We like to expose the design to some stress before the development starts.
For this project we built a classic usability task test using Maze. We set up the tasks to complete with Maze (which uses the Invision project we built with the designs).
We use to share the link to stakeholders, customers, and other users within the considered roles and profiles, but for this specific test we arranged presential tests.
Sketch of the main areas and interaction
It was amazing to see how users interacted with it directly. We learnt a lot of things, realised that some assumptions we made were wrong, and had to redesign a couple of areas.
In a few hours we arranged a second version of the test with updated screens that really worked better.
Let’s test it!
We sketched the main funcionalities, navigation and interactions with Invision Freehand, and collaboratively refined them with stakeholder and key users.
Building the concept
Sketch of the main areas and interaction
The wires defined most of the UI language, but we had several iterations and variations of the visual design.
Visual design
Different cards for different meanings. Took
a while to agree on which to use :)
Landing page design evolution
The full app was wireframed inan Invision project, so that we could figure out the real flows and how they were perceived.
The wires
Full wireframe project to test in real devices
For the first release the app had 2 main areas and 5 core functionalities. In Release 3, just three months later, the app had 7 main areas ans 17 core functionalities + 32 complementary functions. How do we handle this evolution? How does it affect the navigation model?
We didn’t want users to learn everything from scratch (different navigation models, action models, accesses) for evey relase, so we figured out a hybrid navigation model that helped users understand navigation.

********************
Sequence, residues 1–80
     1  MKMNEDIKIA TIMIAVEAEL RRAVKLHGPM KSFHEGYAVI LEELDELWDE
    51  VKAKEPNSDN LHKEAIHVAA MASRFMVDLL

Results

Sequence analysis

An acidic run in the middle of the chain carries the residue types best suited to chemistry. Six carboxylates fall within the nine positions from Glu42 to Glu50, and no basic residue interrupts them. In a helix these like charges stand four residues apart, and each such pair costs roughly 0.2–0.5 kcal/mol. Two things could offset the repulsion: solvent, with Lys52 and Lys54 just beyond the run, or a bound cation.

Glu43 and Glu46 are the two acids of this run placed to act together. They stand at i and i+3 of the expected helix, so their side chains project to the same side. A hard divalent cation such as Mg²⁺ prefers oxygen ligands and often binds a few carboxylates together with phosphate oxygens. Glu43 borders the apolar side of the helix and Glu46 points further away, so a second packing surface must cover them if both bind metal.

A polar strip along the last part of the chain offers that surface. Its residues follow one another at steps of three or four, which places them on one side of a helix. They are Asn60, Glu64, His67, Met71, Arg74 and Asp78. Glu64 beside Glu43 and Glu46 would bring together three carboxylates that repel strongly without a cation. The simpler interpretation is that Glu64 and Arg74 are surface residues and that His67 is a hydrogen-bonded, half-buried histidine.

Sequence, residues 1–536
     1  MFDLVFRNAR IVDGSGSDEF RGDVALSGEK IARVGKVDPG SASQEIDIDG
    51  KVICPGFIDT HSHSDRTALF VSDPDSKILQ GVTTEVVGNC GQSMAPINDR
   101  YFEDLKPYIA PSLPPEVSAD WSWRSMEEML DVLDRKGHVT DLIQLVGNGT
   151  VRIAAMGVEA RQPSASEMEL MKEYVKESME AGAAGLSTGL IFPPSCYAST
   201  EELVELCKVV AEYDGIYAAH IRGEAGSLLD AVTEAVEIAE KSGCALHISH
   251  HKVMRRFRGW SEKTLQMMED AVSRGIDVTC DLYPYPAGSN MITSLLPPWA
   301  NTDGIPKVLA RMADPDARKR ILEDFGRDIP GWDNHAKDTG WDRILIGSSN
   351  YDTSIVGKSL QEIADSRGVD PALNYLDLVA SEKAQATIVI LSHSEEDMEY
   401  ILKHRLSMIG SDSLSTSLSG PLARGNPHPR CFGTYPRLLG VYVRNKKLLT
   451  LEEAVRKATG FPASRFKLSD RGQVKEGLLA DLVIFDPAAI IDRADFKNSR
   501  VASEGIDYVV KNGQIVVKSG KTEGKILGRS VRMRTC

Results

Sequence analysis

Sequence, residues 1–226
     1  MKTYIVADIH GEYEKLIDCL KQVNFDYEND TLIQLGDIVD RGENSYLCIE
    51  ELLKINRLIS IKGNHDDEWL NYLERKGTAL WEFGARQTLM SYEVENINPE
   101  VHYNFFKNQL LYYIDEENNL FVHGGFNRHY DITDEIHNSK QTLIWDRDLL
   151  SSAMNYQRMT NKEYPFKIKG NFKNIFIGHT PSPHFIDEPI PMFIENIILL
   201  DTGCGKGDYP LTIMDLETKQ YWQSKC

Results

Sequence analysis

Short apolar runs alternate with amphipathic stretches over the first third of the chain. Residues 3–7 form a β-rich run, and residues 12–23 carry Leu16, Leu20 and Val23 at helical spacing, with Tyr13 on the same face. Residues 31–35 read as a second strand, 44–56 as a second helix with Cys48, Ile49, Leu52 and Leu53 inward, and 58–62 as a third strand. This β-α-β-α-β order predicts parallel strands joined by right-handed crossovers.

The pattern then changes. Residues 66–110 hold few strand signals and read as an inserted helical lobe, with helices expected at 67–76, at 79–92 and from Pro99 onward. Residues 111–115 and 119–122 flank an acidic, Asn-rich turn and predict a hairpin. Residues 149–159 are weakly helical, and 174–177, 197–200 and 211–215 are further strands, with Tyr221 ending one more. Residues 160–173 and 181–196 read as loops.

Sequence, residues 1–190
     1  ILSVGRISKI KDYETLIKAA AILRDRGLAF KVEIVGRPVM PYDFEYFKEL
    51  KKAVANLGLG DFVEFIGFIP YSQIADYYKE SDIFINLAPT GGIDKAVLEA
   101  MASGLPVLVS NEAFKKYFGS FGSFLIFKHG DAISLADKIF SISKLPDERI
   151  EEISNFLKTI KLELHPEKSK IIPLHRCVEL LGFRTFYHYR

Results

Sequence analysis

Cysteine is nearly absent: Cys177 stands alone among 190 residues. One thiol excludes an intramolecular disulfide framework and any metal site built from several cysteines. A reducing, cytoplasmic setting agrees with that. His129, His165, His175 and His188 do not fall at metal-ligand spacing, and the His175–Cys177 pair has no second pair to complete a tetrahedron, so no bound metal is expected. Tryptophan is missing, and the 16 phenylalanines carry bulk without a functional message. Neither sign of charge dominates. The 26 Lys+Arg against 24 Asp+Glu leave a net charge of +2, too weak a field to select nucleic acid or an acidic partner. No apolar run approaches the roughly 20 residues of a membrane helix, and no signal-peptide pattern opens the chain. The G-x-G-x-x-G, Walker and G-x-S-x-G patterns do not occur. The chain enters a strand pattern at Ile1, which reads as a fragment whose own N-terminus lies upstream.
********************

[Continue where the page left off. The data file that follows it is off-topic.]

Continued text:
The main navigation is held with a BottomBar navigation. In Release 1 just 2 areas and the Profile would be there. In Release 2 the 4 main areas and the Profile will be there. And in Release 3 the last of its options will be a “More” menu, that will launch a popover with the rest of the areas.
Some areas that in earlier releases were hosted at first level may now appear in the “More” popover (due to relevance and priorization), but it will be the only change users may feel. From there, everything is perceived as “organic growth”.
The organic evolution of the main navigation model
“The app will go from low functionality to high functionality within 3 months. We need to handle evolution in a way it doesn’t disturb users”
The challenge
• We played “Buy a Feature” to reveal priorities.
• We then played “Prune tree” to stage functionalities in different releases.
• We played the O Test to reveal risks, assumptions, and gaps we may have missed.
Prune tree
O Test
The Design thinking research provided a full set of functionalities the mobile app sould have, and a user-focused priorization (which of them were the most relevant, and which the less).
We focused our efforts infiguring out which of them the app couldn’t live without, which were good to have, and which were a nice-to-have, prioritizing functionalities and obtaining a release plan.
Research & insights
Lidl recently ran with Dinngo a quite deep design thinking research focusing on communication flaws and issues between the core of the company (and offices) and the rest of the organization, such as stores, employees, blue collar staff, and so on.
The conclusions seemed to lead to a mobile app that helped employees get access to corporate news, and also training, documentation, contract management, and related stuff.
“After deep research & investigation, we figured out that we need to build an app for our employees. For all of them, from central offices to the people in the fridges in the stores.”
The kickoff